The Mamluk Askari

The Mamluk Askari (also spelled Mamluke Askeri or Mamluk Askariyya) was a type of military slave in the Mamluk Sultanate of Egypt and the Levant, which existed from the 13th to the early 16th centuries. The Mamluk Askari were soldiers of slave origin who were trained in the military arts and were used as the main fighting force of the Mamluk state.

The Mamluk Askari were recruited from various parts of the Islamic world, including the Caucasus, Central Asia, and the Balkans. They were trained in the military academies of the Mamluk state and were highly respected for their discipline, loyalty, and military skills.

The Mamluk Askari played a crucial role in the defense and expansion of the Mamluk Sultanate and were instrumental in the victory of the Mamluks over the Mongols at the Battle of Ain Jalut in 1260. They also played a major role in the defense of the Mamluk state against the Crusaders and other external threats.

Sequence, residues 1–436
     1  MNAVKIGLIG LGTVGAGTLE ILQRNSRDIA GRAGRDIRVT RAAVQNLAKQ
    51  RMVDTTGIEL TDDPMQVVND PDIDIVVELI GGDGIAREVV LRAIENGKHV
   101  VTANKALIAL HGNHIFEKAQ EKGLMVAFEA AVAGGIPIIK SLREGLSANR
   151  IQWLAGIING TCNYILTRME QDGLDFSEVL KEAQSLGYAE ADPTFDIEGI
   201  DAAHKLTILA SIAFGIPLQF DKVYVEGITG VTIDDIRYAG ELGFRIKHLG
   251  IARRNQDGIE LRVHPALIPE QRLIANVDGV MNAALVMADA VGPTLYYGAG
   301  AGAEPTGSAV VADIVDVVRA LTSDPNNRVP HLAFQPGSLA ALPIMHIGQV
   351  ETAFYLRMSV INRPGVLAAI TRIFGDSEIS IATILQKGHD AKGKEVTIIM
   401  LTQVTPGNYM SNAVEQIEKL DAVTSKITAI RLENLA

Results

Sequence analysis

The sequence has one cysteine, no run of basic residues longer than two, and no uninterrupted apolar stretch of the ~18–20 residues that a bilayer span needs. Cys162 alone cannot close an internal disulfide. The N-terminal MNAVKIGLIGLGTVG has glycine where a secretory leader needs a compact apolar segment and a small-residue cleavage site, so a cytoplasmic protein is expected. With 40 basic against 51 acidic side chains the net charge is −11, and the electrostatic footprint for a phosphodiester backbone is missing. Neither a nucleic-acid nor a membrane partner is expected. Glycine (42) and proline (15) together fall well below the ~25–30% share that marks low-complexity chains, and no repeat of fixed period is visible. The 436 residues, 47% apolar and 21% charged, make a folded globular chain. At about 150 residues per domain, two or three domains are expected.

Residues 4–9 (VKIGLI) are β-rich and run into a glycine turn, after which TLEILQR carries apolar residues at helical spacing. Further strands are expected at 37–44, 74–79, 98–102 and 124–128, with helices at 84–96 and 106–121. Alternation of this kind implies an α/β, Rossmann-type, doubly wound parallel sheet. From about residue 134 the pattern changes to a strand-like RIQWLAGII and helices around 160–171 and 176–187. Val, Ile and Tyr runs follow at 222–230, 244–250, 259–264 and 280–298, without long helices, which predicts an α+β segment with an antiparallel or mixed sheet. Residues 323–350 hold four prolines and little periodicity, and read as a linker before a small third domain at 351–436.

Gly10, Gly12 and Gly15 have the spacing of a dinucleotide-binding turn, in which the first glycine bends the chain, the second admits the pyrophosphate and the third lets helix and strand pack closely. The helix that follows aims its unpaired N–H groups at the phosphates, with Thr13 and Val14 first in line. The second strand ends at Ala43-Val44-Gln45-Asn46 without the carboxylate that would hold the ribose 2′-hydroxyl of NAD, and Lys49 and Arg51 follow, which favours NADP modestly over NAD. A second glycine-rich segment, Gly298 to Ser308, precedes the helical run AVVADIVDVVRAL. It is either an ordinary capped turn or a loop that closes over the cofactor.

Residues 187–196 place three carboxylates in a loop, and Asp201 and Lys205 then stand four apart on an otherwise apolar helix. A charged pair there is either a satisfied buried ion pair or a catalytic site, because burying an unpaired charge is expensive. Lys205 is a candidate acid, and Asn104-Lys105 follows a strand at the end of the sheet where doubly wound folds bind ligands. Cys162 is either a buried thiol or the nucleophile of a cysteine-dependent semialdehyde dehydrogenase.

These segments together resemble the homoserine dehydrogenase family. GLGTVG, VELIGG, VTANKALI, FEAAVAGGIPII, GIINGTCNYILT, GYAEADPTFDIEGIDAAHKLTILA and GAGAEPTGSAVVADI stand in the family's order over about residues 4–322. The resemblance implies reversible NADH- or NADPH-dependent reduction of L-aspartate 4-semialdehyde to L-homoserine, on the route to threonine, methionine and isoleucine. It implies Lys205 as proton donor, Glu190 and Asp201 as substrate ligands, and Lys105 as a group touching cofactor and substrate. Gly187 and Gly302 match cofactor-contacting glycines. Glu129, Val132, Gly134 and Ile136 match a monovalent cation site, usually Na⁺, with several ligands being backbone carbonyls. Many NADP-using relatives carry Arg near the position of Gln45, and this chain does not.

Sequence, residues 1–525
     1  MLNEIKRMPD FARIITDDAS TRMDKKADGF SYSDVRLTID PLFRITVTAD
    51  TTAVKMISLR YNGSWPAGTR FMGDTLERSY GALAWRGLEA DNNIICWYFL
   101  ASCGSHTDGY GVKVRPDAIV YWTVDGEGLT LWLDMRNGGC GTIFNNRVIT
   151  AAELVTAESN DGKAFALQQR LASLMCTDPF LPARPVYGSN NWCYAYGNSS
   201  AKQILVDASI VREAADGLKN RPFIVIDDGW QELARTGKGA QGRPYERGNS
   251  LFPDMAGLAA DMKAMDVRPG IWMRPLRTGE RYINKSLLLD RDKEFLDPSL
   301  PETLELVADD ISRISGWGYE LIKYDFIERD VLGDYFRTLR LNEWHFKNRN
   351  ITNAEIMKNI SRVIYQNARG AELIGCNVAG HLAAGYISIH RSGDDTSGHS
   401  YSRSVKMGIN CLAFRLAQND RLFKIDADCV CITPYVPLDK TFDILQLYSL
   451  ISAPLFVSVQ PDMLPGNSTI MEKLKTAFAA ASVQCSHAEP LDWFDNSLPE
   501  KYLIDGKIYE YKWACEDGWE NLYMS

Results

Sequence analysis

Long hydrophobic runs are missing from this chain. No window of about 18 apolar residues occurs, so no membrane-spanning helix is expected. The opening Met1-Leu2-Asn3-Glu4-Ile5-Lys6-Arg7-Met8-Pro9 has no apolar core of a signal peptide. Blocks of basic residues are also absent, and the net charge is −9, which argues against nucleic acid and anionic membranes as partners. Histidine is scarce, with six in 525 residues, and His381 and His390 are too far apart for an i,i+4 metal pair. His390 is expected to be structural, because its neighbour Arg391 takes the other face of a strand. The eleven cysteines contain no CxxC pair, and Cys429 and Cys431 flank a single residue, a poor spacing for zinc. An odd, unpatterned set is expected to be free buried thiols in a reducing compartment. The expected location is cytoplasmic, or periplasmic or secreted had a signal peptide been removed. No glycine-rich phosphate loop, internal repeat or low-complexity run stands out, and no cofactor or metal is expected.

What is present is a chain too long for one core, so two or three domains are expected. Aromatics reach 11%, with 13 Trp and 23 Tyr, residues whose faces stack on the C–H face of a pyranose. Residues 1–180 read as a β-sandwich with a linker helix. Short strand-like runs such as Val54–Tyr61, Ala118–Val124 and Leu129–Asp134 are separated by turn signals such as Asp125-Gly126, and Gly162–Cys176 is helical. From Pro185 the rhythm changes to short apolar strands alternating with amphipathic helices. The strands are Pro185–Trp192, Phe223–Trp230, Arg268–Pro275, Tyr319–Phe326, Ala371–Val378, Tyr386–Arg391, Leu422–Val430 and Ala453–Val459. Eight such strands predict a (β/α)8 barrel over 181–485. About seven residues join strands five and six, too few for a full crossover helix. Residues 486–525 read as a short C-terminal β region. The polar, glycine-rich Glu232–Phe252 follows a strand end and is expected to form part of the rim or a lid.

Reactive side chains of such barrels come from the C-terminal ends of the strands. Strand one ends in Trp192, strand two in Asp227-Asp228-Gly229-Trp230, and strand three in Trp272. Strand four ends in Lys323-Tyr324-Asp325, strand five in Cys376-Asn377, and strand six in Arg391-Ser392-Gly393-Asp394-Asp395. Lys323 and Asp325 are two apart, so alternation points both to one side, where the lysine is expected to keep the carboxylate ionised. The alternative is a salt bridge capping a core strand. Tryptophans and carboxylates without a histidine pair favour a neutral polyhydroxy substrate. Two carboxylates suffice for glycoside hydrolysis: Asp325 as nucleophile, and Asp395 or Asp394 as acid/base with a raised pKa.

The Mamluk Askari were organized into regiments, or “alawiyya,” and were led by officers known as “emirs.” The Mamluk Askari were known for their skill in mounted warfare and were equipped with a variety of weapons, including lances, maces, and bows. They were also trained in the use of armor and shields and were highly respected for their courage and discipline on the battlefield.